app.UseCookieAuthentication(new CookieAuthenticationOptions());
            new OpenIdConnectAuthenticationOptions
                // Sets the ClientId, authority, RedirectUri as obtained from web.config
                ClientId = clientId,
                Authority = authority,
                RedirectUri = redirectUri,
                // PostLogoutRedirectUri is the page that users will be redirected to after sign-out. In this case, it is using the home page
                PostLogoutRedirectUri = redirectUri,
                Scope = OpenIdConnectScope.OpenIdProfile,
                // ResponseType is set to request the code id_token - which contains basic information about the signed-in user
                ResponseType = OpenIdConnectResponseType.CodeIdToken,
                // ValidateIssuer set to false to allow personal and work accounts from any organization to sign in to your application
                // To only allow users from a single organizations, set ValidateIssuer to true and 'tenant' setting in web.config to the tenant name
                // To allow users from only a list of specific organizations, set ValidateIssuer to true and use ValidIssuers parameter
                TokenValidationParameters = new TokenValidationParameters()
                    ValidateIssuer = false // This is a simplification
                // OpenIdConnectAuthenticationNotifications configures OWIN to send notification of failed authentications to OnAuthenticationFailed method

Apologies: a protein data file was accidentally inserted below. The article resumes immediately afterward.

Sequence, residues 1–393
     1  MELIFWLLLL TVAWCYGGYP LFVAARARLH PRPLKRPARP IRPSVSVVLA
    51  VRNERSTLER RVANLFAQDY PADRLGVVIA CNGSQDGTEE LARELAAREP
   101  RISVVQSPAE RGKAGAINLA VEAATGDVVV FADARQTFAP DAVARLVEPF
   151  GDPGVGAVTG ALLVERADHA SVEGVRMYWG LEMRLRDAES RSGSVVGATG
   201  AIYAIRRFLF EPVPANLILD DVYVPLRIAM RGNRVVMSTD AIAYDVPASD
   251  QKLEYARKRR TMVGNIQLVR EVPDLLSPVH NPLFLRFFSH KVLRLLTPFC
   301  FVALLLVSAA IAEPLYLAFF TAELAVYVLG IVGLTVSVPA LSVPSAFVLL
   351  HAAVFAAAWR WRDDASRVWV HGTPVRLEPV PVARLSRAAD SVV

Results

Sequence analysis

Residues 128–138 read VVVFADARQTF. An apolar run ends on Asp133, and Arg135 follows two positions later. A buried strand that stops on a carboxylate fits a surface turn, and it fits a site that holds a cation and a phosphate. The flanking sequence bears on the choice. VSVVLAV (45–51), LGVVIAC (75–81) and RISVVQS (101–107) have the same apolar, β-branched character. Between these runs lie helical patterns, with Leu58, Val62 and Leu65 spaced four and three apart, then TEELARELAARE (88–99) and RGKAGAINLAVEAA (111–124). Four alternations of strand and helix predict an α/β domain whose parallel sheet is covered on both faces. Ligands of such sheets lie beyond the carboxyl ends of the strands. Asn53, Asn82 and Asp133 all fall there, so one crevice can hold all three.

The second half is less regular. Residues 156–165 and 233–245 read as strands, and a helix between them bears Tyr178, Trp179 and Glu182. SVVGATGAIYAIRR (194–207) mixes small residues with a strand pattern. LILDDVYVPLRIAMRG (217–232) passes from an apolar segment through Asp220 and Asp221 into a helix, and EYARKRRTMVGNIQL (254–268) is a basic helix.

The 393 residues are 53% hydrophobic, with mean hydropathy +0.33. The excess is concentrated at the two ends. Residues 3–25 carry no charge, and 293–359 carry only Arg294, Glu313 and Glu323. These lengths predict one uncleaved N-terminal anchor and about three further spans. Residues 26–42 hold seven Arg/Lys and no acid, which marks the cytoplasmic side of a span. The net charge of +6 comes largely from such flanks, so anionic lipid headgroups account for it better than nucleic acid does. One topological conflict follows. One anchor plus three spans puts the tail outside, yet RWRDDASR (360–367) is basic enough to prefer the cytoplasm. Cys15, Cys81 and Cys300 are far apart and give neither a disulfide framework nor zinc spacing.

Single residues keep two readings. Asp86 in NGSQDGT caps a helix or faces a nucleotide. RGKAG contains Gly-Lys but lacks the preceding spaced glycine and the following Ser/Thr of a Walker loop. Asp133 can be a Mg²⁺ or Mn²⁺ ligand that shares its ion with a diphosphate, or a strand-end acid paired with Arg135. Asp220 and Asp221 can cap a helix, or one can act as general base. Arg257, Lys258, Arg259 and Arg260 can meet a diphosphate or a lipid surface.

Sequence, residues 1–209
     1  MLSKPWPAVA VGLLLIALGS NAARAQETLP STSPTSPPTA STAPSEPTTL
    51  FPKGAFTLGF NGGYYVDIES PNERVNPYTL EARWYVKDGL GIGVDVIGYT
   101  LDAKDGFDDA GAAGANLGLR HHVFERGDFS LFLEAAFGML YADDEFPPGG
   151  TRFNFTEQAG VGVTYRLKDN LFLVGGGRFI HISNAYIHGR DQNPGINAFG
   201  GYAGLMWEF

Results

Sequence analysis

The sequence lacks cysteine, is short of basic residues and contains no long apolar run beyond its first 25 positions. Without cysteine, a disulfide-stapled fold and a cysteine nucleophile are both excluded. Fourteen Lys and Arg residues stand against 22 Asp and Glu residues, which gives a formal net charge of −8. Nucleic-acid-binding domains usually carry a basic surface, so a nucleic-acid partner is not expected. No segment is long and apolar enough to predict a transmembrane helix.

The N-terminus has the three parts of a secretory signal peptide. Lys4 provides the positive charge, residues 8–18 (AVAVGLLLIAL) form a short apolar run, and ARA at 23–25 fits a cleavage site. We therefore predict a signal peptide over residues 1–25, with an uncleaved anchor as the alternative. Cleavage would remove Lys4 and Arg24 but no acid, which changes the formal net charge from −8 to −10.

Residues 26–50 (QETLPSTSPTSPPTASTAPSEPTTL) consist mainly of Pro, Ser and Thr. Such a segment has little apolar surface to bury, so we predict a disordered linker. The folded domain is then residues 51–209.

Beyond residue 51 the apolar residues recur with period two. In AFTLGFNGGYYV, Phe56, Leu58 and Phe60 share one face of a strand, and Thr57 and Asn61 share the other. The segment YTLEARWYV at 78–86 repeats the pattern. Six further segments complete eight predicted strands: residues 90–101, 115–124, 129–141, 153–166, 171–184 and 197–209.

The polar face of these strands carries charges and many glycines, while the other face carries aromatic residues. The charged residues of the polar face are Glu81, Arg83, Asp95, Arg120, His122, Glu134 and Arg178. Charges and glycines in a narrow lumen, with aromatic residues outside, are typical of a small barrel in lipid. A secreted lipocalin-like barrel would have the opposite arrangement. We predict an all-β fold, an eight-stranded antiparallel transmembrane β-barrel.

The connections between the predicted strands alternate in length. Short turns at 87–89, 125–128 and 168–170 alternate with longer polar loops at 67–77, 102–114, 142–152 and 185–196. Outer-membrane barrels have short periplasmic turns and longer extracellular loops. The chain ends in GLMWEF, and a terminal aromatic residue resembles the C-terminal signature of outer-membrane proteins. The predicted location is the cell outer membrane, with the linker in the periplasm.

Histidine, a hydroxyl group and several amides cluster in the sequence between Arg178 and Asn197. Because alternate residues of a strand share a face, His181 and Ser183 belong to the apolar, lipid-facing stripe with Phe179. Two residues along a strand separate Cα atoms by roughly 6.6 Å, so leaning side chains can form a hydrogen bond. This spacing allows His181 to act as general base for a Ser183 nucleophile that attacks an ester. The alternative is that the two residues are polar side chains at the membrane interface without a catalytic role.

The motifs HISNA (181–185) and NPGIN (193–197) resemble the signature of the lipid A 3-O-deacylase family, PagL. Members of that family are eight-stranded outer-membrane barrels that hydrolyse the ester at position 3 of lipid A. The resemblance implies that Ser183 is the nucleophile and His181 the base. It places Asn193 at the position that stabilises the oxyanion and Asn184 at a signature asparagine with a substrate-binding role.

Notifications = new OpenIdConnectAuthenticationNotifications
                    AuthenticationFailed = OnAuthenticationFailed

    /// <summary>
    /// Handle failed authentication requests by redirecting the user to the home page with an error in the query string
    /// </summary>
    /// <param name="context"></param>
    /// <returns></returns>
    private Task OnAuthenticationFailed(AuthenticationFailedNotification<OpenIdConnectMessage, OpenIdConnectAuthenticationOptions> context)
        context.Response.Redirect("/?errormessage=" + context.Exception.Message);
        return Task.FromResult(0);

3. Handle sign-in and sign-out requests:

In your Start Page where you want to handle authentication, add the following two methods to handle sign-in and sign-out to your controller by initiating an authentication challenge:

/// <summary>
/// Send an OpenID Connect sign-in request.
/// Alternatively, you can just decorate the SignIn method with the [Authorize] attribute
/// </summary>
public void SignIn()
    if (!Request.IsAuthenticated)
            new AuthenticationProperties{ RedirectUri = "/" },

/// <summary>
/// Send an OpenID Connect sign-out request.
/// </summary>
public void SignOut()

protected void Page_Load(object sender, EventArgs e)
            if (Request.IsAuthenticated)
                Session["UserName"] = System.Security.Claims.ClaimsPrincipal.Current.FindFirst("name").Value;
                Session["UserUPN"] = System.Security.Claims.ClaimsPrincipal.Current.FindFirst("preferred_username").Value;
                Session["UserEmail"] = System.Security.Claims.ClaimsPrincipal.Current.FindFirst("").Value;

Et voila! It is very easy to set up and use and it works like a charm.

I hope you enjoyed reading and using it!

Leave a Reply

Your email address will not be published. Required fields are marked *